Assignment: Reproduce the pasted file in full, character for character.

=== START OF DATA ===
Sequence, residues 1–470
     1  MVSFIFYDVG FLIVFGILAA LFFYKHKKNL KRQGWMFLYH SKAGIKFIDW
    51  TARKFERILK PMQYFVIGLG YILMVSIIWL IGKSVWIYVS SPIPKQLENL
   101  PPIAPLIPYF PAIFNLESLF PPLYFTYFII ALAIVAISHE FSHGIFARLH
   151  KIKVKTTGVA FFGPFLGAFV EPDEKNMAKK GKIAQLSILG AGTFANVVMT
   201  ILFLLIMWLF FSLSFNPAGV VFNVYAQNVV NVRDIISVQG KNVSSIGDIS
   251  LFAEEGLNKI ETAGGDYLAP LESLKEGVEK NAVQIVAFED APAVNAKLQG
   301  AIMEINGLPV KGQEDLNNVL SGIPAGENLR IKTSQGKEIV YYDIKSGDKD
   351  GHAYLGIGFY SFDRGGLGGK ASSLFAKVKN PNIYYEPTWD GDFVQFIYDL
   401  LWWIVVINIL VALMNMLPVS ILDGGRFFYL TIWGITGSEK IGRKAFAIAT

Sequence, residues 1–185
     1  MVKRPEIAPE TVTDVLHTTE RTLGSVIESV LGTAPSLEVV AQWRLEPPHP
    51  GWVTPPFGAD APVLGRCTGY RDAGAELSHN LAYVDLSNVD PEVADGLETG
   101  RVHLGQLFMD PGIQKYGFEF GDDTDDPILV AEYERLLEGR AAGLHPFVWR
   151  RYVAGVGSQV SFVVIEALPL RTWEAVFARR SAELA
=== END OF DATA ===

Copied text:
Sequence, residues 1–470
     1  MVSFIFYDVG FLIVFGILAA LFFYKHKKNL KRQGWMFLYH SKAGIKFIDW
    51  TARKFERILK PMQYFVIGLG YILMVSIIWL IGKSVWIYVS SPIPKQLENL
   101  PPIAPLIPYF PAIFNLESLF PPLYFTYFII ALAIVAISHE FSHGIFARLH
   151  KIKVKTTGVA FFGPFLGAFV EPDEKNMAKK GKIAQLSILG AGTFANVVMT
   201  ILFLLIMWLF FSLSFNPAGV VFNVYAQNVV NVRDIISVQG KNVSSIGDIS
   251  LFAEEGLNKI ETAGGDYLAP LESLKEGVEK NAVQIVAFED APAVNAKLQG
   301  AIMEINGLPV KGQEDLNNVL SGIPAGENLR IKTSQGKEIV YYDIKSGDKD
   351  GHAYLGIGFY SFDRGGLGGK ASSLFAKVKN PNIYYEPTWD GDFVQFIYDL
   401  LWWIVVINIL VALMNMLPVS ILDGGRFFYL TIWGITGSEK IGRKAFAIAT

Sequence, residues 1–185
     1  MVKRPEIAPE TVTDVLHTTE RTLGSVIESV LGTAPSLEVV AQWRLEPPHP
    51  GWVTPPFGAD APVLGRCTGY RDAGAELSHN LAYVDLSNVD PEVADGLETG
   101  RVHLGQLFMD PGIQKYGFEF GDDTDDPILV AEYERLLEGR AAGLHPFVWR
   151  RYVAGVGSQV SFVVIEALPL RTWEAVFARR SAELA